Trade wars and chicken feet
Trump signs memo to launch investigation — no action yet
On August 14, Donald Trump signed a memorandum that the Washington Post says will “likely trigger an investigation into China’s alleged theft of U.S. intellectual property,” which the U.S. president said “costs our nation millions of jobs and billions and billions of dollars each and every year.”
As per his custom, Trump held up his signed memorandum for the cameras (see GIF above), but as Politico noted in April, “the president knows how to stage a photo op, but so far his signature hasn’t changed much.” Nonetheless, this memorandum presages uncomfortable times ahead for U.S.-China trade negotiators:
- Timed to coincide with the memorandum signing, the Financial Times published an op-ed (paywall) by U.S. Secretary of Commerce Wilbur Ross titled “American genius is under attack from China,” which uses Trump’s talking points and warns of “the deeper danger posed by the manner in which Chinese companies and the Chinese government treat America’s intellectual property.”
- The memorandum does not order an investigation; it directs U.S. Trade Representative Robert E. Lighthizer to determine whether to launch an investigation. The Washington Post (link above) says “the inquiry would give the president broad authority to retaliate if it finds that China is compromising U.S. intellectual property.”
- The New York Times notes (paywall) that the move comes at the same time as Trump continues to seek help from China on North Korea, and in a separate article (paywall) that Trump’s memorandum is “cautious” as it includes an “intermediate step of requesting an investigation, rather than starting one immediately.”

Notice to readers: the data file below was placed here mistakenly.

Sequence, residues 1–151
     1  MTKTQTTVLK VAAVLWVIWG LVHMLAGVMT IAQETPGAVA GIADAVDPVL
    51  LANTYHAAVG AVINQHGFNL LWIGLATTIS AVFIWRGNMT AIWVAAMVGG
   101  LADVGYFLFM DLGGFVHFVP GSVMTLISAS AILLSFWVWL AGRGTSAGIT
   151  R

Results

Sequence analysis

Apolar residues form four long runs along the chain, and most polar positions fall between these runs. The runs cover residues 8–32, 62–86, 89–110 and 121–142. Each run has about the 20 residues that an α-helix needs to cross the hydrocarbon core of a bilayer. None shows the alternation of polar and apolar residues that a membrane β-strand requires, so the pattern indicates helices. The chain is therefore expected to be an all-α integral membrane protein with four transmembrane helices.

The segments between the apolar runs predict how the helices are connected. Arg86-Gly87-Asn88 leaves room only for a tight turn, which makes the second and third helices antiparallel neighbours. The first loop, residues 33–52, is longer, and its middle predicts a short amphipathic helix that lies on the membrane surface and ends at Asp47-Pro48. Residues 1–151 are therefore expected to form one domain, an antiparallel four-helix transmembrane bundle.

- Bloomberg says that Trump is finding it “harder than it sounds” to tackle China on trade as “deep trade links mean that bold sanctions risk backfiring and targeted ones may end up yielding little.”
- Writing for the Brookings Institute, David Dollar and Ryan Hass argue that Trump lost his best tool for improving U.S. results from trade with China when he shredded the Trans-Pacific Partnership, and that there is a real risk of a trade war if his administration takes an uncompromising position.
Will China take over global tech?
One of the anxieties motivating U.S. trade negotiators is that China will begin to dominate key technology sectors because of rapid progress — possibly made with the benefit of American intellectual property:
- The New York Times says (paywall) that China’s “effort to take a lead in the technologies of the future” such as robotics and microchip manufacturing are often made “with the help of foreign companies” and will be a subject of Trump’s intended investigation.
- For the Council on Foreign Relations, Lorand Laskai looks at Beijing’s plans to become a global leader of artificial intelligence (AI) using “old-school central planning with a futuristic twist.”
- At Macro Polo, Evan Feigenbaum examines the “deep roots and long branches of Chinese techno-nationalism.”
Chicken feet and sweet spots
Some lighter news in U.S.-China trade:
- The Financial Times notes (paywall) that “China’s love of U.S. chicken feet proves a recipe for a perfect trade” as “Americans eat about 9 billion chickens a year, but not the feet,” whereas China imports about 300,000 tonnes of chicken feet annually. However, it was only this year that the trade began to work, “thanks to a small item included in the ‘early harvest’ of deals announced by the Trump administration this spring.”
- Reuters reports that “many major U.S. companies have reported stronger second-quarter earnings and revenue from their Chinese operations in recent weeks,” including construction equipment manufacturer Caterpillar, chipmaker Skywork Solutions, and Starbucks.